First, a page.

A wise friend of mine who has pretty effectively dealt with his own depression for decades, reminds me of life's simple abilities to choose how we'll respond to things.  It's still there.  Not saying life or all this isn't painful or without fear.  Only that we are not pre-determined.  I don't feel like this right now, at all (actually I feel quite desperate and nominally hopeless).  Fortunately, it is not wholly dependent on a feeling.

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15 hours ago, Sir Robin said:

I am back at that place where I am pretty much in a constant state of anxiety. The thought of going back to that place tomorrow fills me with dread but I also can't muster up the energy to try to find anything different. I feel overwhelmed and hopeless.

I feel similarly.  I have been applying, interviewing, etc., and absolutely need to find something that pays better and has a chance to get my career back on track at some level.  I've lined up some phone interviews, albeit in sales, this week, and I do not feel at all like preparing or doing them.  I do not feel up to it at all.  Could hardly get out of bed this morning, and I didn't on time.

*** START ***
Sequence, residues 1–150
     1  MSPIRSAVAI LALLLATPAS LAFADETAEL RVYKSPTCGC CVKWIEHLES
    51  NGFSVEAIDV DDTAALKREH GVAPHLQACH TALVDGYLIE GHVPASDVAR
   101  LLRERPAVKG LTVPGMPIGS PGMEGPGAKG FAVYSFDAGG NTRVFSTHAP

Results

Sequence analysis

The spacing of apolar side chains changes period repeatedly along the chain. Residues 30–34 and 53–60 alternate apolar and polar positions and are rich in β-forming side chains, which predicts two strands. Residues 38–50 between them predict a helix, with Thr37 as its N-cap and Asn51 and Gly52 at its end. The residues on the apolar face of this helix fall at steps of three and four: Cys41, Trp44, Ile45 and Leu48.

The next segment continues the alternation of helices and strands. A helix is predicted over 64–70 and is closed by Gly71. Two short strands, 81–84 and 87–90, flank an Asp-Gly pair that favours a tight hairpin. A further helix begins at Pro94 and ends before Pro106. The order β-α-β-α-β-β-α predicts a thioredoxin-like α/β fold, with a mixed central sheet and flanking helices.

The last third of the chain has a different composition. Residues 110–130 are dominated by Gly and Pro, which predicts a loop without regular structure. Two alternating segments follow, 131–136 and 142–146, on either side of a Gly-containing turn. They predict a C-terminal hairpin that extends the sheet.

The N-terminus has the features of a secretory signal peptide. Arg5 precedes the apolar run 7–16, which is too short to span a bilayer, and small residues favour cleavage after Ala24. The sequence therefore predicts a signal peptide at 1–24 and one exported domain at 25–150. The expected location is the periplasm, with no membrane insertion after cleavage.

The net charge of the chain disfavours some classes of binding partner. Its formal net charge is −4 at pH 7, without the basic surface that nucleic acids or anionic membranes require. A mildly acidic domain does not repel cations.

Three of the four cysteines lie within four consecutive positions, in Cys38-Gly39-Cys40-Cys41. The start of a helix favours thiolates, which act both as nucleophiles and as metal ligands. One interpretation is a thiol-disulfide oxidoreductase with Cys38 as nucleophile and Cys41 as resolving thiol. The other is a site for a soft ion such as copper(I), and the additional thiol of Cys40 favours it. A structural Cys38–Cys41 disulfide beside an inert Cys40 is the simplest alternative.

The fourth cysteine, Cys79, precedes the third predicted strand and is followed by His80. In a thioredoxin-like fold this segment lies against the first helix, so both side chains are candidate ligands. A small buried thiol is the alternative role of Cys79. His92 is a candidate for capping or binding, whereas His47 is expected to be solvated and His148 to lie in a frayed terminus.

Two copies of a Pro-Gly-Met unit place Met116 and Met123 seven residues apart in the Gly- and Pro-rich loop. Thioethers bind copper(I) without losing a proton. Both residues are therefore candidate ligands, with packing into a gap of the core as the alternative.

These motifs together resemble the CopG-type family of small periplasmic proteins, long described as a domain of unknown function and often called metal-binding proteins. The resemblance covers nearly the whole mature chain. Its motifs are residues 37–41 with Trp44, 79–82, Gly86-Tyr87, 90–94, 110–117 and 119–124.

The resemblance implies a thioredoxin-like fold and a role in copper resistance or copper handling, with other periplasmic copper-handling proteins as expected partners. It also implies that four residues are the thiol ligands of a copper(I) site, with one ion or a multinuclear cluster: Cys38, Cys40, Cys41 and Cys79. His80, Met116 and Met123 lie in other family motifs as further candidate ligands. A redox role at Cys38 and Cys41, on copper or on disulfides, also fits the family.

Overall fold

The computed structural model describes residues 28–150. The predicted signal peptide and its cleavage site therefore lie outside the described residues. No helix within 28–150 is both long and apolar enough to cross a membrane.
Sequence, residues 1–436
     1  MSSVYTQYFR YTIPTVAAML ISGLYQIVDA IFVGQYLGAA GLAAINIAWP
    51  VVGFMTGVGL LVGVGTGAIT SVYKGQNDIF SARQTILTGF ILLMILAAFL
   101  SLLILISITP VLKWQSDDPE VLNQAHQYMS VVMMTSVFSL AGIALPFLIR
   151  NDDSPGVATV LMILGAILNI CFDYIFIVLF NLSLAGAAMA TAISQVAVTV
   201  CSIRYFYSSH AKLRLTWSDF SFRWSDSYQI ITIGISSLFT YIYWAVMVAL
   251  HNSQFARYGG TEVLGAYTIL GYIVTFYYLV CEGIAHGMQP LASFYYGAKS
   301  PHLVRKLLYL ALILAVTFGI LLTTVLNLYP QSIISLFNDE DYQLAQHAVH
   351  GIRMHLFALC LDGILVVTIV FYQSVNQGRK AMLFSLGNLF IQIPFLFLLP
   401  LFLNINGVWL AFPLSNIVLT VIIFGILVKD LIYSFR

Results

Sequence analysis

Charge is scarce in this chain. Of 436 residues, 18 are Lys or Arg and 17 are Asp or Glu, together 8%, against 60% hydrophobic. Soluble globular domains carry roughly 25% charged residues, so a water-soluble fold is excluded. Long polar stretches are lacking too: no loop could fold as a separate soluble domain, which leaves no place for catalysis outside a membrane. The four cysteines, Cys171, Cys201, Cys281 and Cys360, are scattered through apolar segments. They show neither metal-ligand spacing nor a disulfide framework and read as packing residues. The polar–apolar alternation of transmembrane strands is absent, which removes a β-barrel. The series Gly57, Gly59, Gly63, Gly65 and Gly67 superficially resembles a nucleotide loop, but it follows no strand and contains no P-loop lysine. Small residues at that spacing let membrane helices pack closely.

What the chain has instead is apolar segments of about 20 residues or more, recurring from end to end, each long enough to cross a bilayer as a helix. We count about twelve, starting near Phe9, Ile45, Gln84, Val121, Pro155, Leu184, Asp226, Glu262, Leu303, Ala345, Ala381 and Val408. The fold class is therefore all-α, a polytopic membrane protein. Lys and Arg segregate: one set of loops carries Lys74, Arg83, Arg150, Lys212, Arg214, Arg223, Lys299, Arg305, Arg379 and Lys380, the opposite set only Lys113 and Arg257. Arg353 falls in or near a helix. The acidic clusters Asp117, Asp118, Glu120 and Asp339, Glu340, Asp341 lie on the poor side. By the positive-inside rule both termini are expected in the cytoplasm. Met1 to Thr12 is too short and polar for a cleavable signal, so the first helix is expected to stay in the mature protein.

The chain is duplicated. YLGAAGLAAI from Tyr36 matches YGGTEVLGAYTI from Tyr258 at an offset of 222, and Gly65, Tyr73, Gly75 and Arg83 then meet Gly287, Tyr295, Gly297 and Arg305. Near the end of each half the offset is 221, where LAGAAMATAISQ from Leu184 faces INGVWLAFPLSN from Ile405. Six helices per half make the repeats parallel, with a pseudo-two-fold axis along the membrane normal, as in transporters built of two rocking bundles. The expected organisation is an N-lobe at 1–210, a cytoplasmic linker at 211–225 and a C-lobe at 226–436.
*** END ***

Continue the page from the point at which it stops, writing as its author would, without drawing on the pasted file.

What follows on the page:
These are the tough days of depression.  I remind myself they have not been and will not be 100% of my days or life.

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12 hours ago, Afterglow1978 said:

In previous jobs I felt filled with anxiety and trepidation before going in to work. Now, I feel ok and ready to put in another day. Not excited and ready to kick ass and take names but just like I know exactly what I am going to be doing and that's ok, it works for me. If my employer was a ship I would be a barnacle clinging to the hull. Out of the way and not particularly exciting, but right where he needs to be.

Ha, that barnacle metaphor made me laugh and feel about the same.  Well, it beats being cast away at sea I guess...

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I would say yes, but the reasons are complex.